From time to time, we run excerpts from Dick Polman's blog, "Dick Polman's American Debate."
Just when it appears [Mike] Huckabee might be the man of conviction that grassroots Republicans are yearning for, we get the news that he was once a wholly owned subsidiary of the tobacco industry.
It turns out that, while Huckabee was serving as lieutenant governor of Arkansas back in 1994, R.J. Reynolds helped finance a nonprofit organization that paid Huckabee to crisscross the country and attack Hillary Clinton's health-care plan. The tobacco giant's role was kept secret for years - Huckabee neglected to report this income on his '94 state financial disclosure form - but now it's all coming out. A former Huckabee political adviser - who doubled as a consultant to R.J. Reynolds - is talking openly about how the tobacco giant put money in Huckabee's pocket. . . . The company has now confirmed it.
But here's the good part: Huckabee claimed last Friday that he didn't know he was taking big-tobacco money while he was on the public payroll. His former adviser, J.J. Vigneault . . . recalls that Huckabee met with R.J. Reynolds officials in his Little Rock apartment.
Vigneault is quoted as saying: "There's no way he could not have known about the money from R.J. Reynolds. If he's saying he didn't know about the Reynolds money, he's been less than truthful."
And speaking of untruths, the whopper of the week (last week, anyway) was uttered by Rudy Giuliani during the final Republican debate of 2007. Giuliani (who is viewed favorably by 41 percent of Republicans) promised that, if elected, he would run an open administration, just as he had as mayor: "I would make sure that government was transparent. My government in New York City was so transparent that they knew every single thing I did almost every time I did it. . . . "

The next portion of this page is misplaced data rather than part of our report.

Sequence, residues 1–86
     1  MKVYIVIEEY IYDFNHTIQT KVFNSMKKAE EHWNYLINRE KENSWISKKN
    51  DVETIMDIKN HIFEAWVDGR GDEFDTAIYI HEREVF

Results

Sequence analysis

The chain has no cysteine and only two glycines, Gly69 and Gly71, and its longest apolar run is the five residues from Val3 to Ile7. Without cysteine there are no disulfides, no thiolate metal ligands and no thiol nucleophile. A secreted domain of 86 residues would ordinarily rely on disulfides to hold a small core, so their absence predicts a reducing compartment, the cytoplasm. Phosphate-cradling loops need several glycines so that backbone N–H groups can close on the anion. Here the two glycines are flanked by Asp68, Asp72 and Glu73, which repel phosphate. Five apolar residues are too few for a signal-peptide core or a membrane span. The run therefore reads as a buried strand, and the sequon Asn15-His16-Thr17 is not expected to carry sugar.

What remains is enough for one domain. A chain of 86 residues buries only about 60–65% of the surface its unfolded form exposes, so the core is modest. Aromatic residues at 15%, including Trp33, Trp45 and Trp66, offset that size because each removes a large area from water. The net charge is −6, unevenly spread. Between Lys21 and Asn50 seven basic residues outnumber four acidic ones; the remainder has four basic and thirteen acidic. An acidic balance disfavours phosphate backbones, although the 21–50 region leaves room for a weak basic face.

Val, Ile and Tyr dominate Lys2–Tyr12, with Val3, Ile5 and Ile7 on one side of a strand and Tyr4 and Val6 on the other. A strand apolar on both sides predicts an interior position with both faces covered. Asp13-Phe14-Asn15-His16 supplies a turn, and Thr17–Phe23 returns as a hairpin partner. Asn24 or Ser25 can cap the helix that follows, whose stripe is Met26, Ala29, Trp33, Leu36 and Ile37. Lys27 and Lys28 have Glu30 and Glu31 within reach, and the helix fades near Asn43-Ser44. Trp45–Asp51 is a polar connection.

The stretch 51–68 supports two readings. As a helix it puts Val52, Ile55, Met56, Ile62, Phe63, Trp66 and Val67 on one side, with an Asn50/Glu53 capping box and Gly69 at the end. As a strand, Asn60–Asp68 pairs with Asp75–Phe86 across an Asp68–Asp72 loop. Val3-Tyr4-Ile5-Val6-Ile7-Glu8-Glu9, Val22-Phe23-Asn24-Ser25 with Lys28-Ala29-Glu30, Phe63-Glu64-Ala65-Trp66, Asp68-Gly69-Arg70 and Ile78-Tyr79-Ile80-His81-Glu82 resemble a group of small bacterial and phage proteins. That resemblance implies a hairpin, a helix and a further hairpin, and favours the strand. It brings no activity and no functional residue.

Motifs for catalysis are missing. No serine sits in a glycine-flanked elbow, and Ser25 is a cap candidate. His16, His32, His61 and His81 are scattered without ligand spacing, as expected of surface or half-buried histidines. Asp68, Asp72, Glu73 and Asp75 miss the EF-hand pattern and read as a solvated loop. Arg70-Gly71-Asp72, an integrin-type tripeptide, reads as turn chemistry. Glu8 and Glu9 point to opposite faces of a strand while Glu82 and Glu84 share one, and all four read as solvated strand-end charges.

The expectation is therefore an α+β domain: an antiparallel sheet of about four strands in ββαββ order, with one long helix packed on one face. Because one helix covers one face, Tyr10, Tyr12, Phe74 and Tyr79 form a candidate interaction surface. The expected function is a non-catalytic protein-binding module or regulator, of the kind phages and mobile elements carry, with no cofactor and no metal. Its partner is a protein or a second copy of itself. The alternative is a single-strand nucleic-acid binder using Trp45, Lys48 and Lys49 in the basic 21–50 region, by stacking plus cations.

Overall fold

Those statements contradict factual reality. In truth, Rudy was the opposite of transparent. When independent budget watchdogs . . . tried to audit the fiscal practices of his administration, Rudy's stonewalling on data was so endemic that the City Council had to set aside money for the specific purpose of suing him. Later, when the state comptroller tried to do routine audits of city performance, Rudy stonewalled him, too - which prompted the comptroller to issue multiple subpoenas for information, all of which Rudy simply ignored. The comptroller finally sued . . . the case dragged on for two years, with Rudy stonewalling all the way. In the end, Rudy lost when the state's highest court ruled against him.
. . . The Hillary Clinton campaign has released a new Iowa TV ad, featuring the candidate's mother.
Dorothy Rodham says: "What I would like people to know about Hillary is what a good person she is. She never was envious of anybody - she was helpful. And she's continued that with her adult life with helping other women. She has empathy for other people's unfortunate circumstances. I've always admired that because it isn't always true of people. I think she ought to be elected even if she weren't my daughter."
Translation: Hillary is bleeding. Support from women has dropped. . . . Mom to the rescue.